• How much storage space do you need, and how many parking stalls?
  • Do you need an outdoor area such as a fenced yard, patio, deck or balcony?


There are several factors that will influence your decision when purchasing a condo, such as:

  • How much money is in the contingency reserve fund?
  • Are rentals allowed, and if so, how many rental units are permitted at any time? How many units are currently being rented out?
  • Are pets allowed? How many and what size/type?
  • Have any special assessments been voted on or have any structural problems been noted that will lead to an assessment in the future?
  • Make sure you read the Strata Council Minutes and the Minutes from the Annual General Meetings, as well as the financial statements, bylaws and rules and regulations for at least the past two years.

It's Time To Make An Offer

After you've seen several homes and found one that feels like the right home for you, it's time to make an offer. There are several things to consider, so make sure you communicate everything you want in the offer to your agent. The offer document is called the Contract of Purchase and Sale. For an in-depth explanation of this contract please review this video created by the British Columbia Real Estate Association (BCREA).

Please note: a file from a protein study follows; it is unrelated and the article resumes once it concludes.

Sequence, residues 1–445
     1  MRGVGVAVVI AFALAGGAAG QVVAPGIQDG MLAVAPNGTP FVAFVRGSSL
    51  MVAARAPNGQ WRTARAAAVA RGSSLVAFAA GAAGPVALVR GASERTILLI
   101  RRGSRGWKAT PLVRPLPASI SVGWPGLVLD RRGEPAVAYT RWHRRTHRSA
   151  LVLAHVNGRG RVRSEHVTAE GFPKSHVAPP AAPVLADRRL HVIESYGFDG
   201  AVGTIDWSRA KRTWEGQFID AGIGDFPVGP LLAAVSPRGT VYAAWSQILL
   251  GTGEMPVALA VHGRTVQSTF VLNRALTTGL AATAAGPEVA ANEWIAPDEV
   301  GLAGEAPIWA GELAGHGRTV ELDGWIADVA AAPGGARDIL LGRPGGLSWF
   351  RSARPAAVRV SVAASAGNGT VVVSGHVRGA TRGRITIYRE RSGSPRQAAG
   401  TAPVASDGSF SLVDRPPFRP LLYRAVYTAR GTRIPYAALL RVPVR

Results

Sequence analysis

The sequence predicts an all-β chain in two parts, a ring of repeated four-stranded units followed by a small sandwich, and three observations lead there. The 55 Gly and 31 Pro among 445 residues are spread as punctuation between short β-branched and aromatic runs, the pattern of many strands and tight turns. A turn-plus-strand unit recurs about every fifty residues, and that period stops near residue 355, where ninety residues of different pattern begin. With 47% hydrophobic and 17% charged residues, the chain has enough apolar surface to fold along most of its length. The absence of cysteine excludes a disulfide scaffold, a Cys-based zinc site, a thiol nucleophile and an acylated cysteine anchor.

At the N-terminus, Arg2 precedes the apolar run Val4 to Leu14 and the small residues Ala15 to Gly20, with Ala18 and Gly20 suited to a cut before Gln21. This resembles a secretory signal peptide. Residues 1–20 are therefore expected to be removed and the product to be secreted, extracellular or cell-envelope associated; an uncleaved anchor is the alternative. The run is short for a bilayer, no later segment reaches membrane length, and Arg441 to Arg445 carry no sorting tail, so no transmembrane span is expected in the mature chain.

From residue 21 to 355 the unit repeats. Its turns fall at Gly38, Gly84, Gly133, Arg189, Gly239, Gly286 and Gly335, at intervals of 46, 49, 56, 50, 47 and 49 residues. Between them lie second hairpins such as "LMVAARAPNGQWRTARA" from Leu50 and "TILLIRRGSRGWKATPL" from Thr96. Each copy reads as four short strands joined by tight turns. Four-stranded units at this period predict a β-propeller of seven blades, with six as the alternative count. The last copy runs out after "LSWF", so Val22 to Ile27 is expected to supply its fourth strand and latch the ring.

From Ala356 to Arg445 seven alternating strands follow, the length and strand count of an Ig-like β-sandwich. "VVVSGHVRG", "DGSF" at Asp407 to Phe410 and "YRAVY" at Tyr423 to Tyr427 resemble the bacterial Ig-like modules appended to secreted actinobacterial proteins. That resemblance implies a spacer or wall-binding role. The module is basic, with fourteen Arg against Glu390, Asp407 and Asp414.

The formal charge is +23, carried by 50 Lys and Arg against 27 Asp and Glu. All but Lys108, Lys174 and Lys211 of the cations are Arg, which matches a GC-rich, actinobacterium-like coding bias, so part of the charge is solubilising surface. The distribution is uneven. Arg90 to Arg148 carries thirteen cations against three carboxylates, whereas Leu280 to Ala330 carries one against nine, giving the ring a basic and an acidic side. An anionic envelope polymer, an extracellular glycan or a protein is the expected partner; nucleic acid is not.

Have your REALTOR® do a comparative market analysis for you. This will show you the fair market value of the property. The following factors could affect your offer price:

  • Property condition
  • New home improvements
  • Market conditions (supply and demand)
  • Seller's motivation